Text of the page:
Archive for November, 2010

Giving Thanks

OK: another story about the micro job. I’m beginning to think of it as confirmation of a line from one of Neil Finn’s songs: everything is good for you if it doesn’t kill you.

So I’m enjoying finding weird business names but the incessant chatter and chuckling continue. Then I find out that Ted, the adorable young man who’s sat next to me through this whole experience, has been accepted into the Air Force and is leaving in 3 days.

Ted is 25, extremely bright, well-read and open-minded. We talked a lot about books and especially movies. He was the one I mentioned in Dreaming and Scheming (7.25.10) who said the experience was Zen-like. His favorite in the weird names category on the Franchise Tax form: the title of Exalted Leader. Throughout the day Ted also listened to his I-Pod, read, and played on the internet. He was the fastest typist I’ve ever seen and would whip out dozens of forms at lightning speed so his “numbers were good.”

When he told me he was leaving I said, ‘Then I’ll leave, too.’ I couldn’t imagine being stuck there in complete isolation. Plus we only had 2 weeks left before the job ended.

I guess it was Loving Kindness who sent me the brainstorm of digging out my old Walk Man tape player. I know: Luddites Live. I don’t  have the right headphones to listen to cds on the computer or a portable cd player, much less an I-Pod. I do, however, have dozens of mixed tapes that I’d made in the days before we could burn cds. And the Walk Man still worked.

I grabbed a handful of tapes and went to work that Monday wondering if I’d be able to listen to them and still  concentrate on the data entry. I’m thrilled to say that the answer was yes. I popped in a tape and there was Richard Thompson, one of my all-time favorites. Not only that, but the tape had been made by my friend Bill, and I’d completely forgotten I had it.

Anyone watching me must have enjoyed the show. I was singing along silently, tapping my feet, nodding my head in time. (I have a great sense of rhythm and actually played percussion in a warm-up band for a BB King concert a hundred years ago.) I discovered old favorites and songs I didn’t remember hearing before.

When the chattering got louder, I just cranked up the volume. (One of my mixed tapes is called “Crank It Up” and starts with Lloyd Cole’s Half of Everything.) It was a total blast.

Earlier in my struggles with this job my alternate hand had asked, Can you make it fun? Now I wrote, ‘I’m so happy about the Walk Man and my old tapes. They’ve been a gift and have made the week without Ted, with Renfield et al going strong, much more pleasant.’

a gift you recognized immediately, AH responded. reminders of Bill and all the great music he introduced you to. follow instincts re sending him a thank you note… open mind and heart to possibilities. write more thank you notes. WRITE.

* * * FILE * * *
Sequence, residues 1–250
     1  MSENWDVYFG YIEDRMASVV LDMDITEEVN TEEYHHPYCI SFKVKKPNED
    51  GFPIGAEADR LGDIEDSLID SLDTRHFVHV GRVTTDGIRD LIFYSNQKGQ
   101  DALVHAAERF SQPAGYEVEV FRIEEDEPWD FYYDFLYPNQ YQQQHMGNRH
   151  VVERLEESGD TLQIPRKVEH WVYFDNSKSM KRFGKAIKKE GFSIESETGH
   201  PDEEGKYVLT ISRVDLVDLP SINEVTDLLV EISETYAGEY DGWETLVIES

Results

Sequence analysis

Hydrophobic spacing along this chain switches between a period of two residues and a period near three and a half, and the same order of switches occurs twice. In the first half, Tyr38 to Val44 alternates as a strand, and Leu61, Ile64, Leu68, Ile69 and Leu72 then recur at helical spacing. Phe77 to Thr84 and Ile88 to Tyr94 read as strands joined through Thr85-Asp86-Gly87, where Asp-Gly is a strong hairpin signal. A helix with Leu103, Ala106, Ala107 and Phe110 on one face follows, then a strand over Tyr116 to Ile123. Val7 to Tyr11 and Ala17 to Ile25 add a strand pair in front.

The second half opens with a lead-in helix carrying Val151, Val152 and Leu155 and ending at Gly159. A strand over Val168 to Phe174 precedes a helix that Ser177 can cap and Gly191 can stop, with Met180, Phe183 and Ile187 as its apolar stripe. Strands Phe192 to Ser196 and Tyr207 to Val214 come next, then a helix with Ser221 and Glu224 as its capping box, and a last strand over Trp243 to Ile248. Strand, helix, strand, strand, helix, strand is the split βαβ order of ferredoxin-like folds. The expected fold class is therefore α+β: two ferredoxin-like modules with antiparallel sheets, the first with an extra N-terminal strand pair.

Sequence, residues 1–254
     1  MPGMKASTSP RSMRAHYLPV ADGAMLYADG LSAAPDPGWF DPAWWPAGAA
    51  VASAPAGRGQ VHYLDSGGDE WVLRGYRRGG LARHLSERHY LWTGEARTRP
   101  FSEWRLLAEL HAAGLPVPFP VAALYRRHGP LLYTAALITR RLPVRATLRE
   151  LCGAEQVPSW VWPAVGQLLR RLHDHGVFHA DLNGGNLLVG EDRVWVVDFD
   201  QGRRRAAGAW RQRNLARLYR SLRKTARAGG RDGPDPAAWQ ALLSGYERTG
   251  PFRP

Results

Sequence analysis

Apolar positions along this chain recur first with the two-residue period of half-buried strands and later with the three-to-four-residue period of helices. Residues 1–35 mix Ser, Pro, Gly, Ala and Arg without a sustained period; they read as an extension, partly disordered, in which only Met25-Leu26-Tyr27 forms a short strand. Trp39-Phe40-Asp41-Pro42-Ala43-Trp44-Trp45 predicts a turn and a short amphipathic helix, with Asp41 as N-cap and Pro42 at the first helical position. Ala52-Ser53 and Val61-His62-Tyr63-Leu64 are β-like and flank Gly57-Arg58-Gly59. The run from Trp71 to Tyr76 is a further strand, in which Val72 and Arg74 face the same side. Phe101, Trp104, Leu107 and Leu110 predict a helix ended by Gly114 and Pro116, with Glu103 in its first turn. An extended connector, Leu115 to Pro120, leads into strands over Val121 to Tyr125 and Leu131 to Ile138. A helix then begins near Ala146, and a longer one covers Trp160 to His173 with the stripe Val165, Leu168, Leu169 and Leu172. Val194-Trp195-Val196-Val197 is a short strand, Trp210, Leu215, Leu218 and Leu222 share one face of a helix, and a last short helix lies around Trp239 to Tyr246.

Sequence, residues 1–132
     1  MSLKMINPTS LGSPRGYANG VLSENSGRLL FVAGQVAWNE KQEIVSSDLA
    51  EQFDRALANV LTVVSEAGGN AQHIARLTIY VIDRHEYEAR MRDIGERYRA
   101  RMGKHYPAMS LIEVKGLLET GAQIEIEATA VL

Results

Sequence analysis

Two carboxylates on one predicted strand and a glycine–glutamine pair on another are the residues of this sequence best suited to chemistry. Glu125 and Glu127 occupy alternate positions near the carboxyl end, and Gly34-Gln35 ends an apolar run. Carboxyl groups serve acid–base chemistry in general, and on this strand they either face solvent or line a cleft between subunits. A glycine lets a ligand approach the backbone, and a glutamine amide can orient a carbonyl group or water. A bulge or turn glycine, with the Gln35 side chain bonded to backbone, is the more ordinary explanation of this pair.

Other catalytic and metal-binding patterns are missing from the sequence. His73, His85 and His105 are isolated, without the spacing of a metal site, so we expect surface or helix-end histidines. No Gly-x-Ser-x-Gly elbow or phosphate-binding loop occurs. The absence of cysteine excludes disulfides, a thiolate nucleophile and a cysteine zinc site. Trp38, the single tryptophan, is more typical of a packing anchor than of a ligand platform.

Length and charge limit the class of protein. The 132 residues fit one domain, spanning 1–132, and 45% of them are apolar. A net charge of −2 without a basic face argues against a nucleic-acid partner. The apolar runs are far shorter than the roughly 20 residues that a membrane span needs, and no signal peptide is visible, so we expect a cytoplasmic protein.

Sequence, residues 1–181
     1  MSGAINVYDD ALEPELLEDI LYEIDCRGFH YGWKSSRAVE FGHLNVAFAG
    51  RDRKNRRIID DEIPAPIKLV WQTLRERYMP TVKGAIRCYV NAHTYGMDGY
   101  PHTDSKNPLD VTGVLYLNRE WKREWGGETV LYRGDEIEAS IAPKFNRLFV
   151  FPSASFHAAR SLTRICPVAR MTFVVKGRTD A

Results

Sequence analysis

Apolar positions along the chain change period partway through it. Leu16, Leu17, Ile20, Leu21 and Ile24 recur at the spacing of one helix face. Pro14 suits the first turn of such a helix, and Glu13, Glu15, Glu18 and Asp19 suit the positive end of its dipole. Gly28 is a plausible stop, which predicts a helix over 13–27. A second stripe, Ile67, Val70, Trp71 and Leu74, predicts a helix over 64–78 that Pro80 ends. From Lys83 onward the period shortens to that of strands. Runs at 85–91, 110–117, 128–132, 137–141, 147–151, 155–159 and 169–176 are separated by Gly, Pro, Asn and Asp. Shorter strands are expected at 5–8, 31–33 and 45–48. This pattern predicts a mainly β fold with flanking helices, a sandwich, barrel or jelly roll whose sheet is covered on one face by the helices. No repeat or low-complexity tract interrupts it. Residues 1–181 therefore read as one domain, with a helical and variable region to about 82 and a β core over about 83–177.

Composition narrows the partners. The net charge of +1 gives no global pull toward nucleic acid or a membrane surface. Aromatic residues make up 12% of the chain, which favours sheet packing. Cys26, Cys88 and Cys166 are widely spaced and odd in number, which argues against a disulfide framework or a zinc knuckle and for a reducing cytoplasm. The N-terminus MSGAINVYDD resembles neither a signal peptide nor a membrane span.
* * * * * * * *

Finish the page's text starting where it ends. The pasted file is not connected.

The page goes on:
So I wrote a note to Bill, short and straight from the heart. You know how some things just feel absolutely right? That’s how this felt. At Thanksgiving, I made a batch of cards and wrote thank you notes in each. I keep thinking of other people to thank and I swear the whole experience has made me feel more expansive somehow. Quite a change from the hunkering down mindset. Quite a pleasant change.

Read Full Post »

Walking History

During the micro job I became aware of a woman named Nell Hayes, the longest-serving state employee in the history of Texas. Nell worked at the Secretary of State’s office for 68 years. Yes, 68. When she’d worked there 65 years, they named a conference room after her. It just so happens that I did the data entry work a few yards from this conference room.

I saw the small photo plaque on the wall of the room and got interested. Then I opened a closet and found shelves of other plaques, photos, mementos, certificates… All celebrating Nell, who died at age 90 in 2007.

So I’ve been interviewing people who knew her, because there’s a story worth telling, here.  Everyone I’ve talked to smiles at the mention of her name and speaks warmly about her. A couple of them have cried softly, telling me they still miss her. They’ve given me newspaper articles and press releases which have served to make me even more curious.

By all accounts including her own, she didn’t want to stop working because she’d be lonely. So she dressed “to the nines” every day and continued. She was still working a month before she died.

Nell married twice and outlived both husbands. There’s a photo of her at age 21, when she won the Miss Stamford of 1939 contest. She was lovely. She still looked great 65 years later when they took the plaque photo. That’s her in the photo above. Of course they named her the Yellow Rose of Texas.

The hardest part of being a member of the working poor is never having enough time. Well, or money, a whole different can o’ worms. But Nell’s is a story worth telling. I’m adding it to the list.

*                       *                       *                       *                       *

Speaking of stories, I’ve posted Part 10 of Circuitous Route in Pages. I snuck Part 9 in a while back. Nearly there.

Read Full Post »

Soldiering On

Paulina emigrated from Europe about 10 years ago and is the mother of a teenager. When she came for an alternate handwriting session, one of the first question she wrote was whether her father, who died many years ago, had loved her. She told me she was surprised by the response: that he had loved her in his way, but that first and foremost he was a soldier.

He was 18 at the start of World War II, she told me. He joined the army and was captured by the Russians. He was in a POW camp until long after most of the prisoners were released at the end of the war. He never talked about his experience, but he was “not right” afterward. There was no treatment for or even mention of the torments he suffered. He did what he did best, Paulina now understood. He soldiered on. “I’ve never thought of it that way before,” she said.